The central role of S1P in modulation of vascular tone may have important pathophysiological implications. For example, local S1P concentration may acutely increase when platelets get activated. It therefore seems plausible that platelet-derived S1P, for which concentrations may be locally regulated in spatially constrained regions of platelet activation, plays a key role in the activation of S1P receptors on vascular cells. Because eNOS-derived NO limits the degrees of platelet activation, adhesion, and aggregation,81 it is tempting to speculate that S1P activation of eNOS plays a significant role during pathophysiological vascular thrombosis. Since platelet-related molecules other than S1P, including thrombin,20 are also able to activate eNOS, it remains to be determined whether or not S1P activates eNOS in the face of vascular coagulation in vivo. Yet in blood vessels in which S1P exerts overall vasoconstriction responses, the local production of S1P by platelets might help reduce bleeding by decreasing local blood flow. In this context, it is noteworthy that S1P modulates functions of the molecules residing in focal adhesion sites and adherence junctions, as well as molecules localized in the cytoskeleton.24,82 S1P thereby augments vascular integrity and decreases permeability, largely attributed to effects on vascular ECs (see review82). It is also plausible that smooth muscle S1P receptors may elicit pathological spastic responses in cerebral arteries in the face of brain stroke associated with cerebral haemorrhage.71
S1P is enriched in HDL fractions of human serum (see review10) and in serum albumin. HDL removes excess cholesterol from the vessel wall and delivers this cholesterol to liver; clinically, higher concentrations of HDL are associated with more favourable outcomes in the patients with cardiovascular diseases. In contrast, other lysophospholipids, such as lysophosphatidylcholine and lysophosphatidic acid, are present in higher concentrations in oxidized forms of low-density lipoproteins, which in turn are associated with increased cardiovascular risk.83,84 These observations raise the possibility that S1P and other lysophospholipids within various lipoprotein fractions may exert differential actions on vascular cells.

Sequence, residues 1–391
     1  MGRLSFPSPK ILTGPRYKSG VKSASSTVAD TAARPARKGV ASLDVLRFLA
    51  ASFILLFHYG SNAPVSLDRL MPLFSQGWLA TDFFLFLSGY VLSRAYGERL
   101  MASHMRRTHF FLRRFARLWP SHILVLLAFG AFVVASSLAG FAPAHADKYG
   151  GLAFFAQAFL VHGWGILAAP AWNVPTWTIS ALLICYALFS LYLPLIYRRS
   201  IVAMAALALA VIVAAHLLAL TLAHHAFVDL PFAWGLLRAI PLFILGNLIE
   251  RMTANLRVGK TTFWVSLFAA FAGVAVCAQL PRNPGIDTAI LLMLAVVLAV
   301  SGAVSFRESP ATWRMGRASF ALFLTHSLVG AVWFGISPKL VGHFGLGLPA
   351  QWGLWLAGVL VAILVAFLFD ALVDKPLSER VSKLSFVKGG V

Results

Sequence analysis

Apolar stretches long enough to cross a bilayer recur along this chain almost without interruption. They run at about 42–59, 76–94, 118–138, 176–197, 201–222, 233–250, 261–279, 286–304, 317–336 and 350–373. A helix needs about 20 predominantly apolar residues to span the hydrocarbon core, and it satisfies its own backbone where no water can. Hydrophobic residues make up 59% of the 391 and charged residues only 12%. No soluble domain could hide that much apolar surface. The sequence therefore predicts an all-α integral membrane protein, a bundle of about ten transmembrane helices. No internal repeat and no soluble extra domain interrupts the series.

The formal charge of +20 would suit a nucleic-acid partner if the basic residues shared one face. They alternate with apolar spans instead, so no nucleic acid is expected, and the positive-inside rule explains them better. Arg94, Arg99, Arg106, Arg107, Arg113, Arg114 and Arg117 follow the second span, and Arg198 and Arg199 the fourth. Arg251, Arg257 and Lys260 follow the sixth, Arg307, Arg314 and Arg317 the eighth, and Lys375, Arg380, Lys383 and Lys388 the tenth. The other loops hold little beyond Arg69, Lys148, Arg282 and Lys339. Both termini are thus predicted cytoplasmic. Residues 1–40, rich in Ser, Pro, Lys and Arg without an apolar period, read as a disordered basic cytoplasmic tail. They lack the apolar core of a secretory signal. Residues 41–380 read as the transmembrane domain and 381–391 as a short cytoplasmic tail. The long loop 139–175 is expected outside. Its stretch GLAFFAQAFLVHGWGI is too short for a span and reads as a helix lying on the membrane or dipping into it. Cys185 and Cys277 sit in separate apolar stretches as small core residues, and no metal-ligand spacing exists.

S1P is a key determinant of eNOS activity, and importantly influences NO-dependent signalling pathways in the vascular wall. S1P receptor-elicited molecular responses share both common and distinct features with other agonist-mediated eNOS activation pathways in vascular ECs. In contrast to the vasorelaxation elicited by S1P through S1P1 receptors in vascular endothelium mediated by Rac1, S1P receptors in smooth muscle cells can elicit vasoconstriction responses through the activation of RhoA/ROK pathways, particularly at higher concentrations of S1P. Activation of vasorelaxing Rac1/eNOS pathways in ECs and of vasoconstricting RhoA/ROK pathways in VSMCs are seen in response to diverse agonists in both cell types, but subtle differences in proximal receptor-specific molecular pathways translate into strikingly different physiological responses. Understanding the cross-talk and co-ordinated regulation of these S1P-modulated pathways in the vascular wall is a critical ongoing area of investigation. A major unanswered question relates to the cellular synthesis, transport, and ultimate delivery of S1P to vascular S1P receptors, a topic with important implications for the vascular disease states that are influenced by dyslipidemias and/or ameliorated by statins, in which S1P-modulated signalling pathways play a clear role in vascular pathophysiology.
Conflict of interest: none declared.
The research programme of T.M. is supported in part by National Institutes of Health grants HL46457, HL48743, and GM36259.